city yesterday.
"Since the night of May 24 the
enemy has been making continuous
attacks on Loyang," said a Chinese
communique. "Since yesterday morn-
ing the situation at Loyang has been
obscure, as contact with the defend-
ers has been cut.
Maj. Gen. C. C. Tseng, Army
spokesman, said that although the
city probably had fallen he could not
announce"it formally until he had
received confirmation. Loyang, six
times capital of China, lies in north-
western Honan on the Lunghai rail-
way, guarding an historic approach
to interior China.
The Japanese drive through Hon-
an westward toward Shensi province
has been halted at all main points,
Gen. Tseng said.
Officers Elected to
'U' Alumni Clubs
The University of Michigan Alum-
ni clubs of the ninth district which
includes the southeastern part of the
state elected their officers for the
coming sessions in their annual meet-
ing held Wednesday at the Wardell-
Sheraton Hotel in Detroit.
Joseph C. Hooper, who was past
president of the University of Mich-
igan Club of Ann Arbor, was electedl
president of the Ninth Alumni Dis-l
Joseph Brady of Howell will be
district director; Lou Hyde, Detroit,
first vice-president; Robert Brown,
Flint, second vice-president; and Mrs.
Louis Bateman, Plymouth, secretary-

Thomas, Co. D's Arranger,
Spends Furlough Here

copies off the parts for the different
He explained that when one is
making arrangements unless he has
had a lot of experience, he never
knows just how it is going to sound
until he hears the songs. Usually,
he added, this is the result of a lack
of experience on the part of the ar-
ranger, and because different people
play the arrangement different ways.
Consequently, he said, adjustments
often have to be made at rehearsals
when he finds, for example, that he
has written a double forte for the
flutes in Middle C.
Acts as Synchronizer
At rehearsals the arranger has the
job of synchronizing the orchestral
arrangement with the choral, danc-
ing and solo parts. Dick claimed that
the least of his worries is the per-
formance of the musicians who play
the parts.
The orchestra is made up of 11
pieces, and is based mainly on wood-
winds. It consists of two flutes, three
clarinets, one oboe, one French horn,
one bassoon, a string bass, a drum
and a piano. Nine coeds and three
men from Co. D are playing in it.
Studies Music 12 Years
Dick has been studying music for
over 12 years. A Princeton graduate
of '43, he earned his way through
college by playing jazz around New
York City, Westchester County, and
Princeton. All his studying and ork
has been in the field of classical mu-
sic. At Princeton he majored in
theory and composition.
According to Dick there is no quar-
rel between the two types of music.
He says classical music is 'conceived
on a different level from popular mu-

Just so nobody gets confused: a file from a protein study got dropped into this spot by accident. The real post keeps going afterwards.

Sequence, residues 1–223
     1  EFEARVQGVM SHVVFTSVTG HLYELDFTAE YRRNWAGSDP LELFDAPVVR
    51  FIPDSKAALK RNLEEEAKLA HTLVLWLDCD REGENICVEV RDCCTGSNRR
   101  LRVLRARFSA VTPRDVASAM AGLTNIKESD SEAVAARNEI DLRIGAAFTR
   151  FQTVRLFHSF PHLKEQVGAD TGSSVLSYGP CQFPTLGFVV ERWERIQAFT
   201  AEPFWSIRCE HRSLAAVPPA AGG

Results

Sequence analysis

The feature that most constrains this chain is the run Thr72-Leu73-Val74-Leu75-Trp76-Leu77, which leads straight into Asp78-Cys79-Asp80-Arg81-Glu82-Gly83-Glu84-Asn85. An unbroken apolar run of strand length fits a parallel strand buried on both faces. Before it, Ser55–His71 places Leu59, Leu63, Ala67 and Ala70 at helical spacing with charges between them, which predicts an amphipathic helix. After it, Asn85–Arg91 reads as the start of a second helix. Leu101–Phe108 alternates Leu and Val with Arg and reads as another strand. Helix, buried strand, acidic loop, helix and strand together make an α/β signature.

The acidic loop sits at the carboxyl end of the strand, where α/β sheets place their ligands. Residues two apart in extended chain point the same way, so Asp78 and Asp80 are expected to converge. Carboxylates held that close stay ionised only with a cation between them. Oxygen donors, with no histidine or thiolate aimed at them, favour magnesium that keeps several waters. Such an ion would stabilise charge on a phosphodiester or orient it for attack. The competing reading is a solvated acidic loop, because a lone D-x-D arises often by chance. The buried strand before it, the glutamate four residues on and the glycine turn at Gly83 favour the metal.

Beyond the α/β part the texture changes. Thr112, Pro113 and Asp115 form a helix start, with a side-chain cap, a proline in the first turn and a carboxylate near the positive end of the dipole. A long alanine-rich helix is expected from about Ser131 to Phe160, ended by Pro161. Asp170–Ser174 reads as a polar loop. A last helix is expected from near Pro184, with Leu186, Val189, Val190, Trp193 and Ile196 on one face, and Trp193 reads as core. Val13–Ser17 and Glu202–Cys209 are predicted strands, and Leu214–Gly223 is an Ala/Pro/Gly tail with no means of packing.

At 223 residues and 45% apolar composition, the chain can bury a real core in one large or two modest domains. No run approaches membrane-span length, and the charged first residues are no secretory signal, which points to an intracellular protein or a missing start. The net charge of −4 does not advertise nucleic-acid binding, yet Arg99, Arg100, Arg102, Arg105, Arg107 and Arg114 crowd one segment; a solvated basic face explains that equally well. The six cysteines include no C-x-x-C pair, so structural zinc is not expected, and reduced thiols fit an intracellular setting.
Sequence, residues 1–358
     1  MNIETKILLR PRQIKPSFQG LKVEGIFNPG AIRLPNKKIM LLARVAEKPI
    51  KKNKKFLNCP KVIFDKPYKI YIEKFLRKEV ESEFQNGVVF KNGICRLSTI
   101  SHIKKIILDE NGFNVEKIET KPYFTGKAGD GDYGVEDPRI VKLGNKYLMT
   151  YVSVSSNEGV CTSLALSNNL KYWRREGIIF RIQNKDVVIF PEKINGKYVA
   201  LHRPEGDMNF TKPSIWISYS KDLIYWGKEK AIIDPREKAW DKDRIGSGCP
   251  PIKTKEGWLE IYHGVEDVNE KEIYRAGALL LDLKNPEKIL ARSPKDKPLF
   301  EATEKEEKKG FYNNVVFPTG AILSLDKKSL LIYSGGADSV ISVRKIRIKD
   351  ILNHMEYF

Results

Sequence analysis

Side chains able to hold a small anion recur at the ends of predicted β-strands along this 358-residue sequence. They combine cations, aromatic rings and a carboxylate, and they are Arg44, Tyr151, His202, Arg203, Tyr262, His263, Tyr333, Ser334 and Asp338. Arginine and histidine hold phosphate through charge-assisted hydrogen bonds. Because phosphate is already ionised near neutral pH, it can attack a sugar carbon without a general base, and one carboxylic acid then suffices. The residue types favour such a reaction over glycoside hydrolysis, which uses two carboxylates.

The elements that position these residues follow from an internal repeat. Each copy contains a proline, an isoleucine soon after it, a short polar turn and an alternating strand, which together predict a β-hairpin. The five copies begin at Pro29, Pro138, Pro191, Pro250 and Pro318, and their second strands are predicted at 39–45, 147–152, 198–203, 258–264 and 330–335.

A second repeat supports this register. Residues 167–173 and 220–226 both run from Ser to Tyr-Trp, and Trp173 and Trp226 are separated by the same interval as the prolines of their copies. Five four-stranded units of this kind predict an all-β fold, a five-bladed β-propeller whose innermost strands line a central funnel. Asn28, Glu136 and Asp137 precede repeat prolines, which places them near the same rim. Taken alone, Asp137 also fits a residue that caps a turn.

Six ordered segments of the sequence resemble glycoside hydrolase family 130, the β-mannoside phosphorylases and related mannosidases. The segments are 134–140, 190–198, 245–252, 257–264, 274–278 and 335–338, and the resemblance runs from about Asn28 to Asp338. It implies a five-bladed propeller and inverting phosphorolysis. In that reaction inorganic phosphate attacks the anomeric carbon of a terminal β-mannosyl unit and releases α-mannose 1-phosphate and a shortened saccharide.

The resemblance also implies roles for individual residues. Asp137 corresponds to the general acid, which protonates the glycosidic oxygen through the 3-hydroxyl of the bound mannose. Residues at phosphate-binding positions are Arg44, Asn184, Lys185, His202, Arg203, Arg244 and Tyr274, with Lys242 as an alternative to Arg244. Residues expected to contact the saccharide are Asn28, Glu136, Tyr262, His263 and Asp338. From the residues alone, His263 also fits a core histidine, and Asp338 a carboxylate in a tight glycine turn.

sic and serves a different purpose.
Church To Hold
Spec ial Session
Congregationalists To
Sign World Order
Members of the First Congrega-
tional Church will be given the op-
portunity to sign the World Order
Compact at a special service tomor-
The World Order Compact was
adapted from the original Mayflow-
er Compact, written in 1620 with
phrases from General Council Reso-
lutions, pledging to work for a co-
operative world order.
After the signing, delegates to the
General Council meeting at Grand
Rapids will collect the signed com-
pacts from the churches they repre-
sent. A special service to .be held
June 25 will be featured by the pub-
lic presentation of individual com-
The Rev. Leonard Parr has said
he hoped that this program will in-
fluence political party conventions
to put foreign policy above partisan-
ship. He also emphasized that mem-
bers write to senators and conven-
tion delegates urging American par-
ticipation in a world order.



from 1 P.M.


Last Times Today

$ .40 per 15-word insertion for
one or two days. (In-
crease of lOc for each
additional five words.)
$1.00 per 15-word insertion for
three or more days. (In-
crease of 25c for each
additional five words.)
Contract Rates on Request
PART OR full-time help any day of
week ipcluding Sunday. Campus
Bike Shop, 510 East Williams.
SUDDENLY lost man for Panhel-
lenic! Ticket can't be wasted. I'm
able. Are you willing? Any man
over six feet acceptable. Call 24561,
Rm. 579.
MIMEOGRAPHING: thesis binding.
Brumfield and Brumfield, 308 S.
SMALL or candid camera, new or
used. Need badly. 4121, ext. 2146.
Jean Lethemon.
MUSIC student wishes to park at-
tractive house trailer adjacent
home with available toilet facilities.
Location within two miles campus.
PRnt Ar a*e. Refperenes furnish-





Coming Sunday



A3au4f i. -2/ack--tarted.. the P E R I C H OL E "!
She Climbed to Fame,..
::<;:-.--...ona Bridge of Heaxts.

You're not buying things now for various reasons - wartime
shortages, joining in the fight against inflationary buying, and
the need to buy war bonds - but after the war, you can have
those things you want if you have saved - a postwar home,
a new automobile, a new refrigerator.

ZL.ey~~U N DAN WY~ A'

Back to Top

© 2021 Regents of the University of Michigan